Sam Sole & Stefaans Brummer took on the surveillance state, and won
In the era before the advent of Signal and other apps that ensure your communication with confidential sources is safe, journalist and amaBhungane managing partner Sam Sole sensed that his communication was being monitored. He decided to do something about it.
(Disclosure: Daily Maverick is one of the amaBhungane’s main publishing platforms. Read their latest investigation here.)
How do you know that you are being spied on? “We had the sense and in 2008, quite a credible source (told us so),” said Sole. The “we” is him and his long-time companero Stefaans Brummer with whom he runs amaBhungane, the investigations and impact hub that has broken many of South Africa’s most important pieces of investigative journalism.
Then working at the Mail & Guardian, the two laid a formal complaint with the office of the Inspector-General of Intelligence. That complaint resulted in confirmation that they were being spied on. Sole summarises the IGI finding as:
“Whatever was done, was done legally.”
It was an unsatisfactory response, he says. At the time, Sole was investigating the decision to drop charges against former president Jacob Zuma and he was talking to sources in the National Prosecuting Authority.
Those conversations were being tapped by intelligence sources. When Zuma went to court to try to get the corruption charges against him thrown out, his lawyer Michael Hulley attached transcriptions of these conversations to his papers. The transcriptions were of what is today colloquially called “the spy tapes” (taped conversations allegedly made by police and intelligence operatives allied to the former head of state) and while these eventually got Zuma off the hook, they were also proof that Sole’s communications had been intercepted.
“We applied for the interception order and any records they had in their possession, but they (the State Security Agency) wouldn’t give us the motivation — only the judge’s order.”
So, amaBhungane and its tenacious head of advocacy Karabo Rajuili began a four-year court battle to have sections of the Regulation of Interception of Communications and Provision of Communication Related Information Act (Rica) declared unconstitutional because it gives unfettered powers to spymasters, thereby impacting not only on privacy provisions, but also on the rights of journalists to keep their sources confidential.
Last week, amaBhungane’s work paid off handsomely when Judge Roland Sutherland handed down a judgment that is a smackdown to an overreaching surveillance state.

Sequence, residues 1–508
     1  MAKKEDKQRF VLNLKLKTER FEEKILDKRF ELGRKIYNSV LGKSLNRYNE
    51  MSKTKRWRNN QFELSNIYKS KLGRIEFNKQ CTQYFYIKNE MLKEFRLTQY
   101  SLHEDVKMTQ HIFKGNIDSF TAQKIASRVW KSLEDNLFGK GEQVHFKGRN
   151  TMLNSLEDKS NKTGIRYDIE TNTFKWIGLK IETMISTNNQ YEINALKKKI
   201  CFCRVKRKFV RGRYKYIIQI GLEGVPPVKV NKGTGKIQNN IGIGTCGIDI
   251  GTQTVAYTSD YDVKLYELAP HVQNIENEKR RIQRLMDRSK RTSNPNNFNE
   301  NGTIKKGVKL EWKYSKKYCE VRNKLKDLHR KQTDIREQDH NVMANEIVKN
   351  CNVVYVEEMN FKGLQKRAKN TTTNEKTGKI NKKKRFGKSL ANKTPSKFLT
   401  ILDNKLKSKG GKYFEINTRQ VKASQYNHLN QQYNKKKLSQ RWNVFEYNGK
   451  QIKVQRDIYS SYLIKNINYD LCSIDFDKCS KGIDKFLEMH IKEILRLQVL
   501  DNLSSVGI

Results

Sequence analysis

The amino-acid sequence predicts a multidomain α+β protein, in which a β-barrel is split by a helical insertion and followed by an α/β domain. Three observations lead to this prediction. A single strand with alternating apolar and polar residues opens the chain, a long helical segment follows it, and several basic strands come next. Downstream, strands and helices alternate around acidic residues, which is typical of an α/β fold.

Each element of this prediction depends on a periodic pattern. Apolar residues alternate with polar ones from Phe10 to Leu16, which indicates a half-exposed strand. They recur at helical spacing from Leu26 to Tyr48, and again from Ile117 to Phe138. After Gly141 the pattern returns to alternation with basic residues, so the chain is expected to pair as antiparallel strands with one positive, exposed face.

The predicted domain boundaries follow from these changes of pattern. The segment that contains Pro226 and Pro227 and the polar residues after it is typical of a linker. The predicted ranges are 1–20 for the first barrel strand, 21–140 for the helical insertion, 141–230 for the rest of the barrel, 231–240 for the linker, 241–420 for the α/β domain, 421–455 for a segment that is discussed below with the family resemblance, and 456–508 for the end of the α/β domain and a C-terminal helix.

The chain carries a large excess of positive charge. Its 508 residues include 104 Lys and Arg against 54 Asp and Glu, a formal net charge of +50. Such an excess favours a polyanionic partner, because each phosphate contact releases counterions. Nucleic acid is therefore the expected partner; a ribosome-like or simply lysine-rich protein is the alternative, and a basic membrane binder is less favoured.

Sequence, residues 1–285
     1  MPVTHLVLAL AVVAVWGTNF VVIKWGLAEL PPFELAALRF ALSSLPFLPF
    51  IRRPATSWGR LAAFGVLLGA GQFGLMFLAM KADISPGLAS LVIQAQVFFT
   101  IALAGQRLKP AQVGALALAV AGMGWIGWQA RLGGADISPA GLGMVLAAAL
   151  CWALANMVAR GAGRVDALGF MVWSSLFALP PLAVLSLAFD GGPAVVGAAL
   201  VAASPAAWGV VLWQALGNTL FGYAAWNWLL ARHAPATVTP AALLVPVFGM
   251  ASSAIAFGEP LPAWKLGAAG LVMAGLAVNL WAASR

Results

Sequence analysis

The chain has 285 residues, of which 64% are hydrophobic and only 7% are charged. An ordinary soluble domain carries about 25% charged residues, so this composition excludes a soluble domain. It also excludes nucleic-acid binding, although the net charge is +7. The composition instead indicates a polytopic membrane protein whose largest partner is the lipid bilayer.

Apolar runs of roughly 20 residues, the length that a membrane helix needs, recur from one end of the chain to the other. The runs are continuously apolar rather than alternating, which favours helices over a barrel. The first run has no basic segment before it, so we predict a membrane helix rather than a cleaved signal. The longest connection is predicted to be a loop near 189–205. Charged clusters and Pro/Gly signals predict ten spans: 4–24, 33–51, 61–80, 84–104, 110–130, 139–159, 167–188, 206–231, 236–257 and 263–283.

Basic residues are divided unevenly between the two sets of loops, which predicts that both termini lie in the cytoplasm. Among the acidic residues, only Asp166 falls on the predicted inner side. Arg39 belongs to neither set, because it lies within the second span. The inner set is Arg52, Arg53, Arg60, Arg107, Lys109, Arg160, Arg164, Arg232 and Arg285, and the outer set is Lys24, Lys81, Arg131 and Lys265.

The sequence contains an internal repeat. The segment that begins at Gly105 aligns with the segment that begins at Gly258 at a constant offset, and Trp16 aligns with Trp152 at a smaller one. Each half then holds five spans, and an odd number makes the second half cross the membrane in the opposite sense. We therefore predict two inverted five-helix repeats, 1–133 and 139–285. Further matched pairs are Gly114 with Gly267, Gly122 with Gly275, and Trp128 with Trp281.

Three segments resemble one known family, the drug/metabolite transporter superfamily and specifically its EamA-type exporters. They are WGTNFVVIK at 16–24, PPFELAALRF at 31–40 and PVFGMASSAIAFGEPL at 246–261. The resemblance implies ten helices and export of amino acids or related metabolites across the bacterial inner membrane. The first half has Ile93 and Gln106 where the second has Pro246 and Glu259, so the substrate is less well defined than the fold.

“(I feel) bloody marvellous,” said Sole when asked what he felt when he first read the judgment on Monday 16 September 2019. “It’s a model of clarity and common sense and a ringing endorsement of journalism.”
The State Security Agency and the Department of Justice may well appeal against the judgment which has declared significant parts of Rica to be unconstitutional and has effectively outlawed “bulk interceptions”.
Bulk interceptions are mass monitoring of telecommunications traffic first revealed by US whistleblower Edward Snowden. And while we may not be as aware as other countries of this, it is happening at some scale in South Africa, as an intelligence expert Professor Jane Duncan has written.
“In broad terms, once it is assumed that secret surveillance is capable of justification, the controversial terrain is the risk of abuse, whether by zealous or corrupt officials. Such a risk is not academic in South Africa. The whole safeguards model built into the statute must be examined and the presence of or absence of a right to notice is only one aspect,” said Judge Sutherland. He has given lawmakers two years to fix the defects to better observe or mediate “the tension between privacy and security of both individuals and society at large”.
If you are intercepted, you must be notified and there must be better attention paid to how long your records are held for, the judge has found.
“The choice of duration for the archiving of data is problematic in several respects. In general, it seems that SA has a longer period of lawful retention.”
Sole is particularly happy that the judgment is a resounding endorsement of journalism in general and investigative journalism in particular. For example, Sutherland wrote:
“The dynamic of investigative journalism is the ferreting out of facts by inquiry, largely, from whistleblowers and others who rat on their fellows and their bosses. The need to keep secret these sources is axiomatic to the exercise.
“Despite much lauding of the role of the media and the express guarantee of freedom of expression and of the media, in particular, there has been a reluctance to take the next step needed to recognise journalists as a special class of persons whose intrinsic working methods warrant special protection, such as lawyers enjoy.” The judge went on to order that such protection be extended immediately.
When we spoke, Sole was making Moroccan butternut with paneer for his family. I could hear spice bottles grinding and pots clanging. By reputation, Sole is a family man first and foremost to his wife and two daughters. Since 1986, his work has reverberated around the country and the world.
Some of the investigations he was involved in unmasked the third force working to destabilise political change; then he uncovered the apartheid government’s chemical warfare plan (no doubt helping thwart it) and since then, his name has graced the biggest and best works of investigative journalism that turned the curve on State Capture to offer South Africa another chance to fashion a decent social democracy.
As he cooked, I asked Sole what drives him after 33 years as a journalist.
“I guess I’m a frustrated policeman. I like the thrill of the ‘gotcha’ moment and being able to join the dots.” DM
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